Professoriblogissa otetaan kantaa yliopistojen ja tutkimuslaitosten ajankohtaisiin asioihin.11.2.2019
Food for Thought
In 2005 the former Italian Prime Minister Silvio Berlusconi scandalously insulted the Finnish nation when the two countries were locked in fierce competition over the siting of the proposed European Food Safety Authority. The Finns, he claimed, knew nothing about good food and, therefore, were totally unsuited to hosting such an institution.
Speaking as a rare foreigner who actually likes such delicacies as mämmi or even lanttulaatikko, I felt Finland’s pain at this blunt dismissal of its gastronomy.
But in the public sector, Finnish food culture really is still stuck in a bygone era; nowhere more so than in our university canteens. Their mission is to produce nutritious lunches at rock-bottom prices for our impoverished students and staff. The problem is not so much their failure as their success. Across the land, all such establishments excel at producing low-cost meals with just the right content of protein, fat, carbohydrate, vitamins and trace minerals, whilst minimizing ingredients such as sugar, salt, trans-saturated fats or traces of antibiotics, that are believed to be harmful; and even offering a vegetarian option for folk like me. The result is a cheap and healthy meal whose taste and attractiveness is irrelevant, and therefore close to zero.
One recent American visitor to my own university derisively referred to the entire menu as ‘slop’ and refused point blank to try even the salad bar. Whilst today’s Finns still take pride in their ancestors’ valour and ingenuity in the Winter War, we do not honour them by subjecting our youth (and ourselves) to a wartime diet.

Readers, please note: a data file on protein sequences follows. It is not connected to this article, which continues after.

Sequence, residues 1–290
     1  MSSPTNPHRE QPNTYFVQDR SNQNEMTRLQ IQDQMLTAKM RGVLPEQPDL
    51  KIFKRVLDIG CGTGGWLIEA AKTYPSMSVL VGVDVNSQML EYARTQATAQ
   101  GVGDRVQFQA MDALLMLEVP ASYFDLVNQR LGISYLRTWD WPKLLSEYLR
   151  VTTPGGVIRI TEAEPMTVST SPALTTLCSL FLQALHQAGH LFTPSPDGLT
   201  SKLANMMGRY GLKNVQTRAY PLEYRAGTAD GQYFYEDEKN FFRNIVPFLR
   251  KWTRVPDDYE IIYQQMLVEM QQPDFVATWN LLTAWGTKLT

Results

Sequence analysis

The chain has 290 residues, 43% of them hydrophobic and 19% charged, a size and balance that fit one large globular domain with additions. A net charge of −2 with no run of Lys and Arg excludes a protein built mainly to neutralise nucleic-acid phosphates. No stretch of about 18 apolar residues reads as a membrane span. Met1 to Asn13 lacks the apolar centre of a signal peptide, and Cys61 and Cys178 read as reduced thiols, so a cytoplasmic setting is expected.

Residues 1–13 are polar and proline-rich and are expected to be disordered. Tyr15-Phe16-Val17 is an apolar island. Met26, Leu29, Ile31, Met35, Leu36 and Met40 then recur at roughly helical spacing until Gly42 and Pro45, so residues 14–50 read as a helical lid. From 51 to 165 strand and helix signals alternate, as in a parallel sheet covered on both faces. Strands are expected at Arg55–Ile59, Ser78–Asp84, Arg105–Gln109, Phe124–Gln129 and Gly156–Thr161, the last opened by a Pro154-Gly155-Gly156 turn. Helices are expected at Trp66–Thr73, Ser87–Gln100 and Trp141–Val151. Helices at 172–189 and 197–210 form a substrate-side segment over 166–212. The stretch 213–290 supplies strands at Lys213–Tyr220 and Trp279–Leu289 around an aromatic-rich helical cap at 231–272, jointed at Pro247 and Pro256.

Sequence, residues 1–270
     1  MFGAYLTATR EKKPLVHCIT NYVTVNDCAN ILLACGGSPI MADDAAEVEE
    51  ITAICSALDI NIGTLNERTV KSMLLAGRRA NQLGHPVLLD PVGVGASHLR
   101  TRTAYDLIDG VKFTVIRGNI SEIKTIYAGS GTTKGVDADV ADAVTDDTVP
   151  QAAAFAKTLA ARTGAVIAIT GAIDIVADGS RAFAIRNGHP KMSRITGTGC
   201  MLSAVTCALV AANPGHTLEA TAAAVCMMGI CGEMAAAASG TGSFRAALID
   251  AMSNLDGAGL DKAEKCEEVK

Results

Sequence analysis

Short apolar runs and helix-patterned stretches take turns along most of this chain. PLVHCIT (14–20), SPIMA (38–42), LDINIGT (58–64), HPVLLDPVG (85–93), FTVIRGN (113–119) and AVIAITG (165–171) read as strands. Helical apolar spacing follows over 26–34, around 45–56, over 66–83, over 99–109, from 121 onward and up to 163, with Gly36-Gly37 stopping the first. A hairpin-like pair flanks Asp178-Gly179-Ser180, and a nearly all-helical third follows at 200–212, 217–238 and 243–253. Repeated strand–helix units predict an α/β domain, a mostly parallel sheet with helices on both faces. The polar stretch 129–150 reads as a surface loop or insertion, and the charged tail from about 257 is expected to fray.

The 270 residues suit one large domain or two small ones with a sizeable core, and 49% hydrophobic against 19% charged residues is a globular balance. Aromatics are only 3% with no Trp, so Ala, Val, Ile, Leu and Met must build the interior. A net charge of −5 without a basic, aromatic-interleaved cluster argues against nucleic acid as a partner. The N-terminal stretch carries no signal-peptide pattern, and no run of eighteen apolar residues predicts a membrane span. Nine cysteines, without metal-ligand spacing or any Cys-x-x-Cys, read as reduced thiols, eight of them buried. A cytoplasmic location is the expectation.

Most university campuses are far from city centres, where the recent proliferation of gourmet and wholefood cafes, sandwich bars and ethnic eateries provides a real choice for those who don’t wish to make up their own lunchboxes at home. But I can’t think of any valid reason why those who work and study on campus shouldn’t have the same choices available to them. Instead of a state-inspired monopoly of mediocrity, we need proper options: a food court like in shopping malls, airports or rail terminals worldwide, where providers compete to deliver food that is delicious as well as nutritious, at prices determined by the market just as anywhere else. Companies like Prêt à Manger, Asiagourmet or the now excellent Koti Pizza should be free to win our custom, alongside local independent operators.
And maybe it would also be a great idea for such places to stay open into the evening, encouraging especially our students to stay later in the lab to advance their projects, or read and write in peace, without having to rush away at 4 p.m. to avoid incipient hunger.
J P Roos 11.02.2019
I do agree with your appraisal of the university food. Fact is, Berlusconi was right! BUT your proposal with food courts and open competition is a bit suspect. The result would be a much more expensive food. We should instead shame the present monopoly to giving us better food at low price. Let's hope your blog will have this effect!
Professor of Molecular Biology, Tampere University
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